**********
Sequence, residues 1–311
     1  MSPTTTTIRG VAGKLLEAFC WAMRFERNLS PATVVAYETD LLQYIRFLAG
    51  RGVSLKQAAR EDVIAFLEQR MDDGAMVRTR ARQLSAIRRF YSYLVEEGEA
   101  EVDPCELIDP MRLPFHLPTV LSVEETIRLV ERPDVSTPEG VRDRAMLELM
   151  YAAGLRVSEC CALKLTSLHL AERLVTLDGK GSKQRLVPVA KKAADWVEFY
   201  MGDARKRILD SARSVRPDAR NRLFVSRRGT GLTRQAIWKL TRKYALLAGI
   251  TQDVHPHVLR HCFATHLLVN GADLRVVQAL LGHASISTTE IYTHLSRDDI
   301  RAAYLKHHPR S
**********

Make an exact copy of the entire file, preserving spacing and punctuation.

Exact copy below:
Sequence, residues 1–311
     1  MSPTTTTIRG VAGKLLEAFC WAMRFERNLS PATVVAYETD LLQYIRFLAG
    51  RGVSLKQAAR EDVIAFLEQR MDDGAMVRTR ARQLSAIRRF YSYLVEEGEA
   101  EVDPCELIDP MRLPFHLPTV LSVEETIRLV ERPDVSTPEG VRDRAMLELM
   151  YAAGLRVSEC CALKLTSLHL AERLVTLDGK GSKQRLVPVA KKAADWVEFY
   201  MGDARKRILD SARSVRPDAR NRLFVSRRGT GLTRQAIWKL TRKYALLAGI
   251  TQDVHPHVLR HCFATHLLVN GADLRVVQAL LGHASISTTE IYTHLSRDDI
   301  RAAYLKHHPR S